Sculptors in Boston have a precarious existence. For a long time collectors had no idea what to do with three-dimensional objects, and galleries were indifferent to them. Public projects, notably the Red Line subway extension through Cambridge, spawned some public works, although most of them were executed by out-of-towners. In the early 1990s, a feisty group of artists took their fate into their hands and formed a gallery dedicated entirely to sculpture—their own. It was the sole sculpture-only gallery in Greater Boston.
For a decade, Boston Sculptors at Chapel Gallery in West Newton, Massachusetts, was a quirky but much-needed presence in the suburbs west of the city. Now it’s the end of an era for West Newton and the beginning of something new for Boston Sculptors. The cooperative group left its spacious, low-rent space at the end of last year and is in the process of relocating downtown in Boston’s South End. Although the new quarters look more like a white-box art gallery, the artists say they will miss the cavernous ceiling of the chapel.
While the move was necessary—the church’s new pastor wanted to have a say in what was shown—a couple of members, fearing increased commercialism, have dropped out. But the majority, as well as some supporters, think the change will be beneficial. Nick Capasso, curator at the DeCordova Museum and Sculpture Park, says, “They’re going to be much more noticeable on the art map. And, it will free up their work. While there was something very wonderful about the [chapel] space—it challenged them to great effect—overall they’ve had to pay too much attention to it.”
“Most of us finally came to terms with that space,” said the group’s founder, Joyce McDaniel. Some artists never did work large enough and tended to wall the chapel off into smaller rooms. But others—primarily McDaniel, Beth Galston, and Laura Baring-Gould—exploited it; Baring-Gould’s installation of lighted boats hanging in the dark space brought her to prominence in Boston art circles.
By 1992 the space had already been a typical gallery for 10 years, showing mostly paintings. When McDaniel, a member of the church, discovered that it was closing, “the idea that it could become a sculpture gallery really grabbed me.” McDaniel remembers taking her sculptor friends and others into the chapel for the first time: “Everyone saw the space. Until then we had been looking at it from the waist down.” McDaniel recruited Murray Dewart, a woodcarver, and they made a proposal to the church. “The church was very supportive. They saw it as part of their outreach,” she recalls.
Dewart and McDaniel assembled the core of the cooperative from a group of sculptors who had dinner at Dewart’s house once a year. They filled out their optimum number of 18 (later to rise to 20) by invitation and jurying. McDaniel, who had been the only woman in Dewart’s dinner group, insisted on gender balance, and that has remained a policy. “Joyce was essential,” said Peter Lipsitt, who works in various metal media. “There was a tendency for the rest of us to let things slide, because we knew it would get done.” McDaniel admits, “I took the lion’s share. Nobody asked me to. I loved it. I wanted the gallery to succeed.”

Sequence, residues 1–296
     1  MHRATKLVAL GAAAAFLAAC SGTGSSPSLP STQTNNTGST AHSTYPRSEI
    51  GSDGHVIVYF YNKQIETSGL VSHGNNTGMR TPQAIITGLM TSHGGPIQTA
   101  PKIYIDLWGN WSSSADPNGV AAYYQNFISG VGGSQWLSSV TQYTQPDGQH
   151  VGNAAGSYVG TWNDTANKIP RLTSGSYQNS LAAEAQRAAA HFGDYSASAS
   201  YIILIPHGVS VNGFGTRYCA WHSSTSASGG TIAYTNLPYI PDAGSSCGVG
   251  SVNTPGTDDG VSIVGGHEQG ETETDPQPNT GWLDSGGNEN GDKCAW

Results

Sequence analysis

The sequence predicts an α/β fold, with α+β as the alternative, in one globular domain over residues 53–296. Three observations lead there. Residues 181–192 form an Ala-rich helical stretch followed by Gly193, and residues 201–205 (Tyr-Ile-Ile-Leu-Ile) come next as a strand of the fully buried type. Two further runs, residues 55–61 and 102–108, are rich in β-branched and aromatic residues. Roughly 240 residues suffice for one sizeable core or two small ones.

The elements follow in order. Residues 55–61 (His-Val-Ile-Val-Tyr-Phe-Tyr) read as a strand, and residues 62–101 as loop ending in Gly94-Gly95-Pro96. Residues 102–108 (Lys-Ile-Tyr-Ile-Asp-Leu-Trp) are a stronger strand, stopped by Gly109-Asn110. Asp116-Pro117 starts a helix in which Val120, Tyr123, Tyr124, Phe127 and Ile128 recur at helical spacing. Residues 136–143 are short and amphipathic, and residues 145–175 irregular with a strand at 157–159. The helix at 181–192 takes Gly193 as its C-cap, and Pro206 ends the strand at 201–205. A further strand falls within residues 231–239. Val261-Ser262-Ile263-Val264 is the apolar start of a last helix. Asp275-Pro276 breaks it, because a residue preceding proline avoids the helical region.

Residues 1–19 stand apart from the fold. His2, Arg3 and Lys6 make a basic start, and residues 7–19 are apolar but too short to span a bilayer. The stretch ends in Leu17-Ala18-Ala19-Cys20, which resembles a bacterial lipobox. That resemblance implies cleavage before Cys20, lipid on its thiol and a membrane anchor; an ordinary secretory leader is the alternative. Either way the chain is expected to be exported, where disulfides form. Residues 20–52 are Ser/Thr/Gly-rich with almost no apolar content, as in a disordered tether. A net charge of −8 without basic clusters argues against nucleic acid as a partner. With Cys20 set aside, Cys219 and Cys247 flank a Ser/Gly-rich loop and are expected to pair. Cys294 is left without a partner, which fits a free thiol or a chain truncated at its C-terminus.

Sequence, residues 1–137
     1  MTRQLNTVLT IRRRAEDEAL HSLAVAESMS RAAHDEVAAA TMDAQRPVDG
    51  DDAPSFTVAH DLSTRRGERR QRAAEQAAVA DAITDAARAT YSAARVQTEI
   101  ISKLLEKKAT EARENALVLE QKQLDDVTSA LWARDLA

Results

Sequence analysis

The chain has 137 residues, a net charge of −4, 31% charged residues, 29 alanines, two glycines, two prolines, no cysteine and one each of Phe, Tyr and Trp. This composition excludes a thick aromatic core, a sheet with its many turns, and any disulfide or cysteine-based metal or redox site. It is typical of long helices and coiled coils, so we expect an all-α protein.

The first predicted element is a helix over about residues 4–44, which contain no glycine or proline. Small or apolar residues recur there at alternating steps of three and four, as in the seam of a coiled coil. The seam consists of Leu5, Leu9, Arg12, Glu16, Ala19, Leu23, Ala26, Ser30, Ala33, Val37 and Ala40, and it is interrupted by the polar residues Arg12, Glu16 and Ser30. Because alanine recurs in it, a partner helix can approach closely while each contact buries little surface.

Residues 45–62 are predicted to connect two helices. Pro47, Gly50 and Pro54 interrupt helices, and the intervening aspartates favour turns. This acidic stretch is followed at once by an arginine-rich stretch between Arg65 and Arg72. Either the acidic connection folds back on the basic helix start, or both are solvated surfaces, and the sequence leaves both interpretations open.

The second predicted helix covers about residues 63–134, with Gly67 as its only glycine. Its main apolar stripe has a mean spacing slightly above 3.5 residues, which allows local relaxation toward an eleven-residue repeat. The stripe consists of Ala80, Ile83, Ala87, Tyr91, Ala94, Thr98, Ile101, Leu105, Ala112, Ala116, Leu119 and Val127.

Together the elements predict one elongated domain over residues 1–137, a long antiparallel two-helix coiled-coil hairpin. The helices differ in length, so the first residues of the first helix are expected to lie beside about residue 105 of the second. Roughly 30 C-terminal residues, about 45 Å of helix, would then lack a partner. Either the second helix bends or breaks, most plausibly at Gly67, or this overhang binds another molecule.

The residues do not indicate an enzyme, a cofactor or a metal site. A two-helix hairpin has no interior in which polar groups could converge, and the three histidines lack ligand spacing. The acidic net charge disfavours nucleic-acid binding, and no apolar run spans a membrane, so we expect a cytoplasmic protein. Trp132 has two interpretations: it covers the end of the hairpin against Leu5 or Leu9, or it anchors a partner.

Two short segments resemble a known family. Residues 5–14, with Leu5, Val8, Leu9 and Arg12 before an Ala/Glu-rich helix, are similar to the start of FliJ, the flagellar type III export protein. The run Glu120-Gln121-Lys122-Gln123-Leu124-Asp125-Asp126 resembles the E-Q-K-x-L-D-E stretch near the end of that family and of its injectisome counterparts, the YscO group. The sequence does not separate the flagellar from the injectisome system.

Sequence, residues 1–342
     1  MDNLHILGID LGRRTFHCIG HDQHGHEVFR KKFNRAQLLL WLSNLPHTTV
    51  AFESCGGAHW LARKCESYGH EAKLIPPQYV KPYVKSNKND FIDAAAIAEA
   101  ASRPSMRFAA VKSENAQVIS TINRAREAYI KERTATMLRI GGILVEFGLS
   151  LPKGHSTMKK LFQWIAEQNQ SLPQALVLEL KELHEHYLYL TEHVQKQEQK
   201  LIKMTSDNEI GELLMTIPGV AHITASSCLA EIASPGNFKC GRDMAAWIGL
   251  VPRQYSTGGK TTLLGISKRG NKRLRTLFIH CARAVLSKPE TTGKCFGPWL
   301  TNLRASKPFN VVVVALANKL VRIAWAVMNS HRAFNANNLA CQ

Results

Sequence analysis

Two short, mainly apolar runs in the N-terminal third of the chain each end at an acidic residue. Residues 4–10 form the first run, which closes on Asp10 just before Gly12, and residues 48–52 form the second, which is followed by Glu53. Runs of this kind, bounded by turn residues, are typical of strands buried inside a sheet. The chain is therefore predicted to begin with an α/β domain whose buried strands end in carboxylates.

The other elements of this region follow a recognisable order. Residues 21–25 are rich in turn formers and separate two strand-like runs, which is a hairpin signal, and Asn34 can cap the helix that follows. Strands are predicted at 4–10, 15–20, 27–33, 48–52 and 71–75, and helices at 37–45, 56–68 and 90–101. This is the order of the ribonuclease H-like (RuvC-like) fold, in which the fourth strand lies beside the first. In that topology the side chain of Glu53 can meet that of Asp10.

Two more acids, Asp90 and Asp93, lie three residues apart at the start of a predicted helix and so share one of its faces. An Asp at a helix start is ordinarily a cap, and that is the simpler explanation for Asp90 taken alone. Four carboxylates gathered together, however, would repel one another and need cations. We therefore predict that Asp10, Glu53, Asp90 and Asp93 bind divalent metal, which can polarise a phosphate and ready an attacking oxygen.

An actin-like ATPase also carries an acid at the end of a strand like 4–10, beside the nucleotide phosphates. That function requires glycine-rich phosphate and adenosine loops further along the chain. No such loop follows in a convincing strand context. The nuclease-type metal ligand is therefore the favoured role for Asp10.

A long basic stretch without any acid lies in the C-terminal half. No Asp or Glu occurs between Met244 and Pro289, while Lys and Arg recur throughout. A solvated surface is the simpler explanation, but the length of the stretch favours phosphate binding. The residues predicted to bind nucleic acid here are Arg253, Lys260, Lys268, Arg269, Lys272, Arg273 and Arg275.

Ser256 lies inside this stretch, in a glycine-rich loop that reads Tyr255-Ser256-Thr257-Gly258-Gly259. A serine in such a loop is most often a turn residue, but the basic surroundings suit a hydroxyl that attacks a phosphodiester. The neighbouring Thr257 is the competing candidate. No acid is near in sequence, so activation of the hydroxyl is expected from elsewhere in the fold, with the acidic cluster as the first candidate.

Every two years, each artist had a one-person show lasting four weeks, a tight schedule that left less than three days of turnaround time. “I felt that a regular schedule and regular hours were important if it was to be run professionally,” McDaniel noted. “We each had to staff it once a month. I don’t think anyone felt it was too onerous.”
Their bold gamble paid off in attention from curators. Dewart, now making large timbered “gates,” has snagged commissions as far away as Beijing. Galston did a public works project in Arizona; Robert Schelling was tapped for a multi-part work at one of Boston’s transit stations. Joseph Wheelwright was selected to mount a year-long show on DeCordova’s Sculpture Terrace. Ken Hruby, an Army veteran, joined fresh out of art school and generated critical acclaim for his anti-war pieces. The sculptors all agreed that knowing they had to mount a biennial one-person show spurred them on.
Over their decade together, the artists have not had much stylistic influence on each other. “We were all pretty secure in our visions,” McDaniel says. “What did influence us was that space—so demanding, so large, so present.”
Of the founding members, a dozen remain. Some have left town, one finds the new location inconvenient, and McDaniel and Hruby have decided to move on. The move “is going to change the dynamic,” McDaniel thinks. “The issue downtown, meeting that rent, is different and huge.” The group decided to recruit more sculptors by advertising, rather than by personal invitation as in the past. Thirteen new members have been vetted to join the 15 veterans who remain. The format in the new gallery involves two concurrent one-artist shows, rather than one solo show at a time.
Renovation of the new space has taken longer than expected, Dewart reports, and as of early summer no opening date had been set. In the meantime, Boston Sculptors has mounted a fall exhibition at the New Art Center in Duxbury, Massachusetts, from September 21, 2003 to January 11, 2004.